How America became a nation of freelancers

How America became a nation of freelancers:

According to the Labor Department, employers often misclassify independent contractors as employees, locking misclassified freelancers out of benefits like tax write-offs for health insurance that they’re already paying for, all by themselves. For freelancers, it’s much, much harder to qualify for a loan, refinance their mortgage or, if they’re underwater on their homes, to find relief from loan modification programs.

I know a woman who was told, off the record, that the company that was considering hiring her would only do so on a contract basis – they didn’t want to take on the expense of hiring her because of her considerable medical bills. (She didn’t get the job.) Another associate thought he’d hit pay dirt with a high-paying, full-time salaried position at a big-name software company. But then, suddenly – right as he was ready to sign the paperwork – they rescinded their offer. Instead, they told him that they could only offer him a contract position on a project-by-project basis.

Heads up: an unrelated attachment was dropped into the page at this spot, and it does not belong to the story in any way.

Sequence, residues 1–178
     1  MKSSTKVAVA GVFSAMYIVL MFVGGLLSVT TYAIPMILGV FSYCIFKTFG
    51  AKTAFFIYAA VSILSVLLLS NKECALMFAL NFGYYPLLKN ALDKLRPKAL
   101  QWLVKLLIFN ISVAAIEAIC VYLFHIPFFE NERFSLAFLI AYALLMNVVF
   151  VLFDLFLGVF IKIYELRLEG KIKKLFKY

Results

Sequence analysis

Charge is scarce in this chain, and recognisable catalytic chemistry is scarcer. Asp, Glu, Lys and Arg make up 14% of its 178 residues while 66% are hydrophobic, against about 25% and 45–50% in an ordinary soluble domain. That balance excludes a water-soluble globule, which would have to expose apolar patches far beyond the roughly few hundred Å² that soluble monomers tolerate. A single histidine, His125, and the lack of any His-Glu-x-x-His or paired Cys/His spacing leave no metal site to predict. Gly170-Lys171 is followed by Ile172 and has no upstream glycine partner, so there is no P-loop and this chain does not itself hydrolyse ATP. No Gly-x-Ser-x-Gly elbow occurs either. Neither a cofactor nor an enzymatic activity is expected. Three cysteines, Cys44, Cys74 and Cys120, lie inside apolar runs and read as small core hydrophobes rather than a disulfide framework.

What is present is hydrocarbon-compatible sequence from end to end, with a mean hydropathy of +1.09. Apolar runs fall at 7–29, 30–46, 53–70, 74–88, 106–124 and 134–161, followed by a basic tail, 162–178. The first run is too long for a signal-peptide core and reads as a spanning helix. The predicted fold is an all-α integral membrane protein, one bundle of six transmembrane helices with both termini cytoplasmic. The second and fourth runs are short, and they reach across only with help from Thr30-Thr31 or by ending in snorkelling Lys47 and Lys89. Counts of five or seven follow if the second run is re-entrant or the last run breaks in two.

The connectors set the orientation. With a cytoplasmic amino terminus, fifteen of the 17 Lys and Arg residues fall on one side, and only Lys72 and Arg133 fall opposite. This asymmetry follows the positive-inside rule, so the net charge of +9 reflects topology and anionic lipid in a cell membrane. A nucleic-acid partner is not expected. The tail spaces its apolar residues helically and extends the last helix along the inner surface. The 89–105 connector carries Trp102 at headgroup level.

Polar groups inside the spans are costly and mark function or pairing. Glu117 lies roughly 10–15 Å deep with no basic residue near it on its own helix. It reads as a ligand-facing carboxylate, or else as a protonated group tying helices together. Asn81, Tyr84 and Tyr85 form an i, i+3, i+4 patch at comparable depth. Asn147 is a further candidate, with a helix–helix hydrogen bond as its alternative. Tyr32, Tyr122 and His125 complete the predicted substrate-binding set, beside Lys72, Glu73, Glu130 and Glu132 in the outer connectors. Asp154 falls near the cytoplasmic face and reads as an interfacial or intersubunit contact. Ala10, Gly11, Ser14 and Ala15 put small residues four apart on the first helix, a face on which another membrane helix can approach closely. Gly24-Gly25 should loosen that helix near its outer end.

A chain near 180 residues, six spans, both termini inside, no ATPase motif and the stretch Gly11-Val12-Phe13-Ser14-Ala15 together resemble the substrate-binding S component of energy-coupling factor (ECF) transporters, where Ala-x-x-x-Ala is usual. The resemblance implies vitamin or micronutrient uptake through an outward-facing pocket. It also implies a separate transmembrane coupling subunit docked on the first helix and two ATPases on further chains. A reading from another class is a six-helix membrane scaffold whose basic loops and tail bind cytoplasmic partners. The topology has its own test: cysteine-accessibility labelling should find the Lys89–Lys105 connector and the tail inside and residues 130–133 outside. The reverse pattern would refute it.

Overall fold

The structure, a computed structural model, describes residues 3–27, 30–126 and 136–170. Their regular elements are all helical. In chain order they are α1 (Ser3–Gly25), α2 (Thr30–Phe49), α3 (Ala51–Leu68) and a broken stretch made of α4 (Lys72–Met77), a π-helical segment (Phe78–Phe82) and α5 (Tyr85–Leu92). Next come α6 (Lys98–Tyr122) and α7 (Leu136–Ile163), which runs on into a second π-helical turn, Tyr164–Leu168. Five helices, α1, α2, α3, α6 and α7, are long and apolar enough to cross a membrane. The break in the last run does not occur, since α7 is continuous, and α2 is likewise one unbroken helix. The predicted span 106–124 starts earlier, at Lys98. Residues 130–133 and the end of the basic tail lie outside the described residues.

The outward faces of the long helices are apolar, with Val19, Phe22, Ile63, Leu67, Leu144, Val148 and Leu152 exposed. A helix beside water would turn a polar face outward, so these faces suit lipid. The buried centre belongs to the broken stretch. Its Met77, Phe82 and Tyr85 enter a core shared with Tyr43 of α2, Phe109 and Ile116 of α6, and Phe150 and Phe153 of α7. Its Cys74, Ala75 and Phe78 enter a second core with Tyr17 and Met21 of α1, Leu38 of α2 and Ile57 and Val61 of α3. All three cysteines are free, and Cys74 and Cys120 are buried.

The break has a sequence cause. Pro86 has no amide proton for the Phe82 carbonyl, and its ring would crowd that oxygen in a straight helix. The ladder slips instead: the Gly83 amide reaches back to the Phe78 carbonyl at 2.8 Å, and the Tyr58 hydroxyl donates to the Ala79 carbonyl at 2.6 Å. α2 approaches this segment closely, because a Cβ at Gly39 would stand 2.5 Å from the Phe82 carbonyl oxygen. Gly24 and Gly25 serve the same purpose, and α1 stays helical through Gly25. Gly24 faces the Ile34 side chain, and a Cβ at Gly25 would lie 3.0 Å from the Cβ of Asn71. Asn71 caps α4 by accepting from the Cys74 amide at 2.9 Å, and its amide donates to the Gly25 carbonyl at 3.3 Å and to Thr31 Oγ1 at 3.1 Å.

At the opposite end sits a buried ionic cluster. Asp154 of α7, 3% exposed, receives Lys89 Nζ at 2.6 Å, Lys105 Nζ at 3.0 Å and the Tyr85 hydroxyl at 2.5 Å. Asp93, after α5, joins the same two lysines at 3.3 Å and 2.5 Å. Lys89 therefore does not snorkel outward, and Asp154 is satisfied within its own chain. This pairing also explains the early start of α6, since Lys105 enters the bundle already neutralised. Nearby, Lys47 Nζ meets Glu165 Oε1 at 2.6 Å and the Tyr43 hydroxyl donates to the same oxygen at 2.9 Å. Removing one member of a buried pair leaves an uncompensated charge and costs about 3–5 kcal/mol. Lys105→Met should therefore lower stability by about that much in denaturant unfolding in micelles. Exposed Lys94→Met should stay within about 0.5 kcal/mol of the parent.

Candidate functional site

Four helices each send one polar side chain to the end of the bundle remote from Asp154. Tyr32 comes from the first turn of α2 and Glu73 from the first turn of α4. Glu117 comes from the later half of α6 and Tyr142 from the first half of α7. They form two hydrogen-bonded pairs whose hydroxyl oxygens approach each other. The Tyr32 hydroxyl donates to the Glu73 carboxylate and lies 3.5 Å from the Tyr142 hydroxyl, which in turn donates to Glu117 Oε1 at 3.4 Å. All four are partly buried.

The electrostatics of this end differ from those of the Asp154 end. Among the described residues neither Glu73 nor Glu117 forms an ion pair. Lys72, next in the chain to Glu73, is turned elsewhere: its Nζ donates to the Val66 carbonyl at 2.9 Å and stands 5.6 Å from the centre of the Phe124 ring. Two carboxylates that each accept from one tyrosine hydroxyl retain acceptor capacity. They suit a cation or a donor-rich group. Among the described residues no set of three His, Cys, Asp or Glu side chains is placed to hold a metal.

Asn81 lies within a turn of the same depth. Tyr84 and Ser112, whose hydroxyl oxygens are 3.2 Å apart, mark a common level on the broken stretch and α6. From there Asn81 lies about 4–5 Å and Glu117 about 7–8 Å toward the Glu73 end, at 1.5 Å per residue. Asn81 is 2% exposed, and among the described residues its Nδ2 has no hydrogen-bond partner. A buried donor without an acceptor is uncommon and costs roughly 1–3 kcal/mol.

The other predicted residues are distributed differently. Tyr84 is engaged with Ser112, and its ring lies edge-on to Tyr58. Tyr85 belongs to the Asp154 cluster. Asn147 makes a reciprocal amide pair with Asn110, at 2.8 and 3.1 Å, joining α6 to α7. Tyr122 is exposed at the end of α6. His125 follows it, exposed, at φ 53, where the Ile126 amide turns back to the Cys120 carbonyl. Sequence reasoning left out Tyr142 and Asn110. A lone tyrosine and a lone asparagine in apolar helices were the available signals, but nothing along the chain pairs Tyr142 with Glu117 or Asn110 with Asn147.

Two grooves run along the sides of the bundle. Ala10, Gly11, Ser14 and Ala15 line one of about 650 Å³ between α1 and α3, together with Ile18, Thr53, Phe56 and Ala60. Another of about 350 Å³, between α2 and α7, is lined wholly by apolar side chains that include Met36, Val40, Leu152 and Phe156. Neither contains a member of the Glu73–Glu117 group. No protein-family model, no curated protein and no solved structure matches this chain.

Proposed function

If this is how our economy is now organized, then we need safety nets for independent workers. And we need to start by acknowledging, as a nation, that while it’s all very good to talk about job creation, for many of us, a regular 9-to-5 gig is no longer a reality. Work has changed; the American worker is changing. Old-school labor paradigms no longer fit.

[ Where’s the thinking about this, rather than trying to recreate old style manufacturing jobs? And while we’re on the topic, small is the new big. Individuals manufacturing custom stuff is alive and kicking, and should become much more commonplace. As it once was. Things were lost in the rush to the assembly line.]

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